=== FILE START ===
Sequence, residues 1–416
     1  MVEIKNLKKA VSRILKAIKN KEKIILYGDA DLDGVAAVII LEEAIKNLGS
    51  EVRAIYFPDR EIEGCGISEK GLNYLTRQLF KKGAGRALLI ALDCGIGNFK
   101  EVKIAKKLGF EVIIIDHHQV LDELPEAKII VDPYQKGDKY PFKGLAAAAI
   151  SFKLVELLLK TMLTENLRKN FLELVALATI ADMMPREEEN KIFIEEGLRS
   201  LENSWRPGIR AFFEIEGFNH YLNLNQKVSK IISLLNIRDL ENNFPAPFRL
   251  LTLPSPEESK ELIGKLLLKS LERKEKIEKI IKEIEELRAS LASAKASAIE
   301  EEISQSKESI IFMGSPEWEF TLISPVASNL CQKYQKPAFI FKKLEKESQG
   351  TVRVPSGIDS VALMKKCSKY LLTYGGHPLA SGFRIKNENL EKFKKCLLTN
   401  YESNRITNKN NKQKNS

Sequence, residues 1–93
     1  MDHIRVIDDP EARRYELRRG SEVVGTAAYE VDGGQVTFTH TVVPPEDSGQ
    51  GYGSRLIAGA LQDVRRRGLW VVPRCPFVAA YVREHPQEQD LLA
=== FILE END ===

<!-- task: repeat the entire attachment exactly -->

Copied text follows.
Sequence, residues 1–416
     1  MVEIKNLKKA VSRILKAIKN KEKIILYGDA DLDGVAAVII LEEAIKNLGS
    51  EVRAIYFPDR EIEGCGISEK GLNYLTRQLF KKGAGRALLI ALDCGIGNFK
   101  EVKIAKKLGF EVIIIDHHQV LDELPEAKII VDPYQKGDKY PFKGLAAAAI
   151  SFKLVELLLK TMLTENLRKN FLELVALATI ADMMPREEEN KIFIEEGLRS
   201  LENSWRPGIR AFFEIEGFNH YLNLNQKVSK IISLLNIRDL ENNFPAPFRL
   251  LTLPSPEESK ELIGKLLLKS LERKEKIEKI IKEIEELRAS LASAKASAIE
   301  EEISQSKESI IFMGSPEWEF TLISPVASNL CQKYQKPAFI FKKLEKESQG
   351  TVRVPSGIDS VALMKKCSKY LLTYGGHPLA SGFRIKNENL EKFKKCLLTN
   401  YESNRITNKN NKQKNS

Sequence, residues 1–93
     1  MDHIRVIDDP EARRYELRRG SEVVGTAAYE VDGGQVTFTH TVVPPEDSGQ
    51  GYGSRLIAGA LQDVRRRGLW VVPRCPFVAA YVREHPQEQD LLA